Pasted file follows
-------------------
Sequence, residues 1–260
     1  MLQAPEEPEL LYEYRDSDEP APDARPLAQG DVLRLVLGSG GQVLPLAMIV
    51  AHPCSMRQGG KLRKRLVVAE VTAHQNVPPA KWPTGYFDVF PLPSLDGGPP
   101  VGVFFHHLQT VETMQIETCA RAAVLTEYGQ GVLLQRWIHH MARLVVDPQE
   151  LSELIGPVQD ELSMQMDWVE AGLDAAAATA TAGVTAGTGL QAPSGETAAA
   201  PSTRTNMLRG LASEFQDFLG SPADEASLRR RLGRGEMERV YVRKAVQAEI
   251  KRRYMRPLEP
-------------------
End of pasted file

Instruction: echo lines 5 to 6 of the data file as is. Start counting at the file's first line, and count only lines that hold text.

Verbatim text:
   151  LSELIGPVQD ELSMQMDWVE AGLDAAAATA TAGVTAGTGL QAPSGETAAA
   201  PSTRTNMLRG LASEFQDFLG SPADEASLRR RLGRGEMERV YVRKAVQAEI